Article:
Based on a deep drop in March home sales, according to figures from the National Association of Realtors, first reported by CNNMoney.com, newspapers are feeling the heat. In March, sales of existing homes fell 8.4%, compared to February, the steepest month-to-month drop in 18 years. On top of newspapers' other woes, the reversal in a key classified category posting positive results in 2006 signals an acceleration of the medium's already rapid decline.
Real-estate classifieds were, until recently, one of the few areas where newspapers were enjoying revenue growth. But beginning in the fourth quarter of 2006, they joined the automotive and job-recruitment categories in posting year-over-year losses. According to the Newspaper Association of America, overall real-estate classified revenue slipped 2.26%, down markedly from a 10.5% growth rate in the third quarter.
The March drop to an annualized rate of 6.12 million home sales exceeded even the pessimistic predictions of economists, who had forecast a 3.5% decline from February's 6.68 million, ending at about 6.45 million. The largest one-month drop since January 1989, when the housing market decline heralded a widespread recession, the March malaise is sure to squeeze newspaper real classified listings, which deal almost entirely in existing homes.
According to analysts, the housing market slump is due to a tightening of standards from lenders, in particular heavier scrutiny of so-called "subprime" mortgages--riskier loans made to home buyers with problematic credit histories, which have suffered a growing default rate. Housing market insecurity is also evident in the latest figures released by the Conference Board on Tuesday, recording a sizeable drop in the consumer confidence index.
"With the housing slump deepening in spring--the traditional jump-start of the home-buying season--that means newspapers' real-estate woes could continue for another year, contributing both to print classifieds decline and online growth slowing," says Ken Doctor, a newspaper analyst with Outsell. He says it's unlikely that the market will turn around--and advertising pick up--until spring of 2008.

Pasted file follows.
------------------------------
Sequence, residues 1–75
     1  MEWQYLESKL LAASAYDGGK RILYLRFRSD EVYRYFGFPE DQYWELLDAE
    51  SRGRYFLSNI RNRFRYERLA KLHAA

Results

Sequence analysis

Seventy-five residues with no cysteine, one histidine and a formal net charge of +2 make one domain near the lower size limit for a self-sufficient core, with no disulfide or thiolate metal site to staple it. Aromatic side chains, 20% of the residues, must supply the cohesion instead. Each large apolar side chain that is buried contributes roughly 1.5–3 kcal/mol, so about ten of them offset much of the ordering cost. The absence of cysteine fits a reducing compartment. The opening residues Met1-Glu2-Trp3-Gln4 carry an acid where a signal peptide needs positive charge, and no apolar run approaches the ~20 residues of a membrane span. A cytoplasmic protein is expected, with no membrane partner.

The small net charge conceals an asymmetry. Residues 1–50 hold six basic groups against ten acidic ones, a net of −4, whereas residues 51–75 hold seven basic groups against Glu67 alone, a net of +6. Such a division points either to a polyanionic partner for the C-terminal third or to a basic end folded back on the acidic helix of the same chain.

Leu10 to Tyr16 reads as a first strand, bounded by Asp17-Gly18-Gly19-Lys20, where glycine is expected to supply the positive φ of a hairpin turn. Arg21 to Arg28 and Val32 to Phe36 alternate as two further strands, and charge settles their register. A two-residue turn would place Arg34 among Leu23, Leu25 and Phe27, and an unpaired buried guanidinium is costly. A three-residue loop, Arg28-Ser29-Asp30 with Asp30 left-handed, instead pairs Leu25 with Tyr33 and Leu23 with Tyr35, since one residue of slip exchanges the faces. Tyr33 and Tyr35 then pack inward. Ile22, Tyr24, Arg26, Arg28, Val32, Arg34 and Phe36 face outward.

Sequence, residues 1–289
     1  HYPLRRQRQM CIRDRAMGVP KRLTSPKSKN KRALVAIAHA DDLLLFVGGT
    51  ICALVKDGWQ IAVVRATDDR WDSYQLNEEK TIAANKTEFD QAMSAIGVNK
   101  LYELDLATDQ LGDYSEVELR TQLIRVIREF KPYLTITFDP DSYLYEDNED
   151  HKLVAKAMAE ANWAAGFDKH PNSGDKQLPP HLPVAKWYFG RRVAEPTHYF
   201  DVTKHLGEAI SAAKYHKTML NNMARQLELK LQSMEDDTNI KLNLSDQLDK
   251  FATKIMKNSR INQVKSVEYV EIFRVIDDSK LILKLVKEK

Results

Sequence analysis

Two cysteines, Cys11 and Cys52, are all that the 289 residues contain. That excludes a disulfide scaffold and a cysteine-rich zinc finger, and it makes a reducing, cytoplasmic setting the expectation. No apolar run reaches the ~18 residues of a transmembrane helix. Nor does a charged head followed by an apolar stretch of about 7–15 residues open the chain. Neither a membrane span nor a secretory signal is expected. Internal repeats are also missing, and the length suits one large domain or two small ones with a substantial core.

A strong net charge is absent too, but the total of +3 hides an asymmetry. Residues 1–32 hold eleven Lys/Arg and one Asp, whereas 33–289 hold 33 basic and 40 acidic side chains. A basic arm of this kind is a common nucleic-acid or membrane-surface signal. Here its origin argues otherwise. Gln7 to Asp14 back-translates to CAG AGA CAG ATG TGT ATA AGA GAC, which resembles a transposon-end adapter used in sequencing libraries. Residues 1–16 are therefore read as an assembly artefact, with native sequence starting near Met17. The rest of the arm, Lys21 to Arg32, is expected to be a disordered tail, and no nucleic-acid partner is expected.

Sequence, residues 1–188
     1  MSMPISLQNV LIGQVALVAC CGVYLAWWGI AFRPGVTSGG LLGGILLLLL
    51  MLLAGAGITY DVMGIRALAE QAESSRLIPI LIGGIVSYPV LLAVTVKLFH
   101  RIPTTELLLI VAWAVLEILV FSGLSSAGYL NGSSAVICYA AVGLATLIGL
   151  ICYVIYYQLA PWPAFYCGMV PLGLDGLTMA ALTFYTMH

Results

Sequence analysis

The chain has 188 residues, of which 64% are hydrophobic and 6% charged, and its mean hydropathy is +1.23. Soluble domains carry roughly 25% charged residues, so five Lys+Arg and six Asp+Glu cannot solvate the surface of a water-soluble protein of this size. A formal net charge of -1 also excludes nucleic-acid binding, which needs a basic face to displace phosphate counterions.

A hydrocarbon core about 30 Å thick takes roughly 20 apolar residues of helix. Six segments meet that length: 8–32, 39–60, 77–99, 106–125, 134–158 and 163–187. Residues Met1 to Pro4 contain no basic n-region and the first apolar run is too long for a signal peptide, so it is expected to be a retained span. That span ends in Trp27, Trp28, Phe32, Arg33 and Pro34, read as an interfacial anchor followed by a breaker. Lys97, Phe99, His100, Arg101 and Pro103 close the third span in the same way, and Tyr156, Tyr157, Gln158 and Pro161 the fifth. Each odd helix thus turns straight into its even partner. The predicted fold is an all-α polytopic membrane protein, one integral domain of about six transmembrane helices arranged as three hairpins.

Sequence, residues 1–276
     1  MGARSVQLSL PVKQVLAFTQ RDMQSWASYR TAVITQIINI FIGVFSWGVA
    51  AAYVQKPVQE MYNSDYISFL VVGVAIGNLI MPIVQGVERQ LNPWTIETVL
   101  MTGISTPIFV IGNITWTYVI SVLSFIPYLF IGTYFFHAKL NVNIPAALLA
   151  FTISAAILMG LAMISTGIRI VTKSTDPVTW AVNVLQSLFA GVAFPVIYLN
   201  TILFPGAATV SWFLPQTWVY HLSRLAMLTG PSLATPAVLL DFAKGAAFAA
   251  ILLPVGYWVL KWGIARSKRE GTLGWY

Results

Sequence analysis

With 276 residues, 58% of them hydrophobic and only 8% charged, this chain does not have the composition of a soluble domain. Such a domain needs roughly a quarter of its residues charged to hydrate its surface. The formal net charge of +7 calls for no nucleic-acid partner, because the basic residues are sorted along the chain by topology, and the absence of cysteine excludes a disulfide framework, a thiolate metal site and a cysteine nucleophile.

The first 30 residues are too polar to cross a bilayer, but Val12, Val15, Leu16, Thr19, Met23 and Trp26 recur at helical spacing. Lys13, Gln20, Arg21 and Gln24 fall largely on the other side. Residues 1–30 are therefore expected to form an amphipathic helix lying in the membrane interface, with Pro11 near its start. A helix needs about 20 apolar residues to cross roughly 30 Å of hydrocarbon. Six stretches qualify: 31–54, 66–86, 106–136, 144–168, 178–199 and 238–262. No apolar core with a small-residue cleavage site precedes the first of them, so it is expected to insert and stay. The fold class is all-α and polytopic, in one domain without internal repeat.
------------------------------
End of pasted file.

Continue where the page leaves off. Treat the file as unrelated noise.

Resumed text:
During that period, Doctor forecasts more online competition as various sites struggle for a piece of a much-reduced pie. He thinks newspapers should look for real-estate sites like Zillow and Trulia to ramp up their Web sites, offering more interactivity and local data. That way, when the market's back in force, he adds, newspaper sites and services will be ready.
However, the current problem is underlined by a decline in new home sales, which serve as a bellwether for existing home sales, as families sell their old houses. Big home builders are reporting more new homes remaining in inventory and markedly lower sales than last year. CNNMoney.com said D.R. Horton, the nation's second-largest homebuilder, saw new home sales fell 37% in the first quarter of 2007, compared to 2006.
Although the NAA hasn't released industry-wide numbers for the first quarter of 2007, individual companies, including Tribune, Gannett, and NYTCO, are all reporting weakness in real-estate listings. The industry-wide dip in fourth-quarter 2006 resembles the 1.8% in auto classifieds in fourth-quarter 2003, and the 16.9% drop in recruitment classifieds in first-quarter 2001. Both declines reversed a long period of healthy year-over-year growth--and were followed by long-term declines, which continue to the present day.